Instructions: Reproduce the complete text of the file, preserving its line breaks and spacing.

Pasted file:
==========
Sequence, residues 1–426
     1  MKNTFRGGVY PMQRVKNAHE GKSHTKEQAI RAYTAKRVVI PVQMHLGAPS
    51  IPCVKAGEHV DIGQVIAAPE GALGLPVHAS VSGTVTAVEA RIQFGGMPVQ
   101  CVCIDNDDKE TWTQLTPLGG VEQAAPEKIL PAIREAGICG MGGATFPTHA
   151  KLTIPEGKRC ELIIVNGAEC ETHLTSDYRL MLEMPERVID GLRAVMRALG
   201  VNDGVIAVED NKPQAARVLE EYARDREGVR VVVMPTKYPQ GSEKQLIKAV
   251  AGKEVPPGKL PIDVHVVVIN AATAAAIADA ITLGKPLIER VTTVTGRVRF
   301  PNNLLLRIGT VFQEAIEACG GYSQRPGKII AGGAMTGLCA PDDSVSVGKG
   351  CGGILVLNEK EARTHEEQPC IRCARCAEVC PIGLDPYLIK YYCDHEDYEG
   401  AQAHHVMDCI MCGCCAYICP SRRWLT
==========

Sequence, residues 1–426
     1  MKNTFRGGVY PMQRVKNAHE GKSHTKEQAI RAYTAKRVVI PVQMHLGAPS
    51  IPCVKAGEHV DIGQVIAAPE GALGLPVHAS VSGTVTAVEA RIQFGGMPVQ
   101  CVCIDNDDKE TWTQLTPLGG VEQAAPEKIL PAIREAGICG MGGATFPTHA
   151  KLTIPEGKRC ELIIVNGAEC ETHLTSDYRL MLEMPERVID GLRAVMRALG
   201  VNDGVIAVED NKPQAARVLE EYARDREGVR VVVMPTKYPQ GSEKQLIKAV
   251  AGKEVPPGKL PIDVHVVVIN AATAAAIADA ITLGKPLIER VTTVTGRVRF
   301  PNNLLLRIGT VFQEAIEACG GYSQRPGKII AGGAMTGLCA PDDSVSVGKG
   351  CGGILVLNEK EARTHEEQPC IRCARCAEVC PIGLDPYLIK YYCDHEDYEG
   401  AQAHHVMDCI MCGCCAYICP SRRWLT